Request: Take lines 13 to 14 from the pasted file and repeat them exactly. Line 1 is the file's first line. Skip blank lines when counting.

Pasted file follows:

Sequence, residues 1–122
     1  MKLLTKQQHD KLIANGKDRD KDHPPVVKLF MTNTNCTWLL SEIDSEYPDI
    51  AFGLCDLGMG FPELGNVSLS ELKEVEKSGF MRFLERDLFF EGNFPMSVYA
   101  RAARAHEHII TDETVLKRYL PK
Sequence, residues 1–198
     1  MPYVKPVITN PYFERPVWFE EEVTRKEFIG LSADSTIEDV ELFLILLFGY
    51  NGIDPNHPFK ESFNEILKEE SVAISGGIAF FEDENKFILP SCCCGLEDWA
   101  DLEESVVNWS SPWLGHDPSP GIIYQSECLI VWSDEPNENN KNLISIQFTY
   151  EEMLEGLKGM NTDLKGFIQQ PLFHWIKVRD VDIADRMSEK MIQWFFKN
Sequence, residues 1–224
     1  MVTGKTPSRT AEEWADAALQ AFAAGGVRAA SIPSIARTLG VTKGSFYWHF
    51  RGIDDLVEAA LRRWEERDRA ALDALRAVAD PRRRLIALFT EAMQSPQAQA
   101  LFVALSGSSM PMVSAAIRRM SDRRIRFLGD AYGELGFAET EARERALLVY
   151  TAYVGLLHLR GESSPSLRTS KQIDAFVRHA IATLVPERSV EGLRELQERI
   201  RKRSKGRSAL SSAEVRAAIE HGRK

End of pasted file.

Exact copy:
   101  LFVALSGSSM PMVSAAIRRM SDRRIRFLGD AYGELGFAET EARERALLVY
   151  TAYVGLLHLR GESSPSLRTS KQIDAFVRHA IATLVPERSV EGLRELQERI